Higher Illegal Drug Use Among U.S. Teens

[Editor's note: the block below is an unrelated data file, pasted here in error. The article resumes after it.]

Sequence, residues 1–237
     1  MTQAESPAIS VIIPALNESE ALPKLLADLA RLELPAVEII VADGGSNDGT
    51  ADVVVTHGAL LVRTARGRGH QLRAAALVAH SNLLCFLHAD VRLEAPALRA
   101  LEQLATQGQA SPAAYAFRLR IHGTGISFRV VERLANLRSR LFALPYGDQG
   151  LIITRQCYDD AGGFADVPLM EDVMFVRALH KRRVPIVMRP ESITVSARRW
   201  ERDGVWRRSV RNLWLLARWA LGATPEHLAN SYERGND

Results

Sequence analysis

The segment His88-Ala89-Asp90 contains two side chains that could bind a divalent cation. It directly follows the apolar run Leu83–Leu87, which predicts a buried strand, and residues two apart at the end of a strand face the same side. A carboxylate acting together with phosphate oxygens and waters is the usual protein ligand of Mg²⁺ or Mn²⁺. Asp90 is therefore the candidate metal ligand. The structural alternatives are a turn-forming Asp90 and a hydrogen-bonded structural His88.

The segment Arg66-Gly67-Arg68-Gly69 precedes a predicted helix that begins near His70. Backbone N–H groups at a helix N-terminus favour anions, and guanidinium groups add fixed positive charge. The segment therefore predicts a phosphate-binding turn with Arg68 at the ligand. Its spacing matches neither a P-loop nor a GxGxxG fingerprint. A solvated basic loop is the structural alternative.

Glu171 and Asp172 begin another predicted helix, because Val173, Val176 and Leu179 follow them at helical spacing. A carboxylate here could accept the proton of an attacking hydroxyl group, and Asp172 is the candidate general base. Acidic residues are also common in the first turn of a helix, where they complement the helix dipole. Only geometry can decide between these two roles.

European teenagers are more likely to smoke cigarettes and drink alcohol than American teenagers, but American teens are "far more likely" to use marijuana and other illegal drugs, according to a report released yesterday at a World Health Organization meeting. The study compared results of 1999 surveys of 14,000 American 10th graders and 95,000 10th graders in 30 European nations. The Council of Europe, an intergovernmental organization focused on economic and social issues, developed the study in conjunction with University of Michigan researchers working on the "Monitoring the Future" project. That project has surveyed U.S. students on various issues for 26 years and "is considered the most reliable barometer of student drug use trends," the New York Times reports. According to the study, 37% of European students had smoked at least one cigarette in the last 30 days, compared to 26% of U.S. students. In addition, 61% of European students had drank alcohol in the last 30 days, compared to 40% of U.S. students. Twenty-three percent of U.S. students had used illegal drugs, compared to 6% of European students. Specifically, 41% of U.S. students had tried marijuana, compared with 17% of European students. Thor Bjarnason, report co-author and sociologist at the State University of New York-Albany, said the differences in drug use were "very striking," noting that one in four U.S. students had used illegal drugs, compared to one in 10 in the European countries with the highest use. Still, the New York Times reports that illegal drug use rose in European countries, particularly those in Eastern Europe, between 1995 and 1999. While researchers "offered little analysis" to explain the differences, they did say that widespread illegal drug use began in the United States and then spread to Europe, meaning that "it might be that Europeans simply follow the American trend" (Zernike, New York Times, 2/21).